Indigenous Northern Canada

Quebec Government Declined Chief Bellegarde Request To Reconsider Proposed Legal Action on Indigenous Child Welfare Act

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Almost two weeks ago, National Grand Chief Bellegarde demanded the Quebec Government not take action against the Indigenous Child Welfare Act, they declined. The Government of Quebec does not see the merit of having Indigenous people in charge of Indigenous children.

Assembly of First Nations (AFN) National Chief Perry Bellegarde says the Government of Quebec’s decision to request that the Quebec Court of Appeal rule on the constitutionality of Bill C-92, the Indigenous child welfare act, is a setback that will further harm First Nations children and families.

“Thousands of First Nations children are suffering in Canada’s discriminatory child welfare system and our energy and efforts should be directed towards the best interests of the child,” said AFN National Chief Bellegarde. “I strongly urge the Government of Quebec to reconsider this legal action. This move could lead to delay and conflict, further harming our children and families. The AFN will look to intervene in this case and we expect the federal government to stand with us in upholding First Nations jurisdiction. We need urgent action to address the discrimination and the legacy of our children taken from their families and Nations. Bill C-92 affirms First Nations jurisdiction over child welfare and that’s what we need to move forward in a good way. We are on the threshold of a new era of hope and opportunity for our children and we do not want to be held back by legal and political maneuvering.”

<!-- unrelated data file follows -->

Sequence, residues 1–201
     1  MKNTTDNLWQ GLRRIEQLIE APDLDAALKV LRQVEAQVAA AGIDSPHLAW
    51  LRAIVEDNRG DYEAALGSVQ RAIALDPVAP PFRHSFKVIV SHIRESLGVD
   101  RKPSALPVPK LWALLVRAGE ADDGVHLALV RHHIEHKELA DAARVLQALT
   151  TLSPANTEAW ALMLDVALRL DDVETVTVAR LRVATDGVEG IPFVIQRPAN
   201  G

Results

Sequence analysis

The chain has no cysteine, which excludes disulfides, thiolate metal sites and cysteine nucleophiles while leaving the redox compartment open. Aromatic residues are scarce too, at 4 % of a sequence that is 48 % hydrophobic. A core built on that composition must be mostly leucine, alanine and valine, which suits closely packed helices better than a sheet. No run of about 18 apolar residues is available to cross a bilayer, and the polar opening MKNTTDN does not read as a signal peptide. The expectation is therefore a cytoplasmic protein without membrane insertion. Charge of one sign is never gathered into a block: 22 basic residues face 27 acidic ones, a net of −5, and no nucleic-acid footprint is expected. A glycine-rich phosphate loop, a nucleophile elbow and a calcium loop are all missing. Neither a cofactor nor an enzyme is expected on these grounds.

Bill C-92, an Act concerning First Nations, Inuit and Metis children, youth and families, comes into effect on January 1, 2020. The Bill was developed with direction from AFN Chiefs-in-Assembly and input by the AFN legislative working group comprised of technicians and experts from across the country drawing on years of advocacy and direction. The legislation affirms First Nations jurisdiction and creates space for First Nations laws and practices regarding their families. It respects rights and is consistent with the UN Declaration on the Rights of Indigenous Peoples. Bill C-92 sets out key principles that prevent children from being removed from their homes unnecessarily, promotes children staying in their communities and Nations, and ensures the “best interests of the child” principle is understood and applied.

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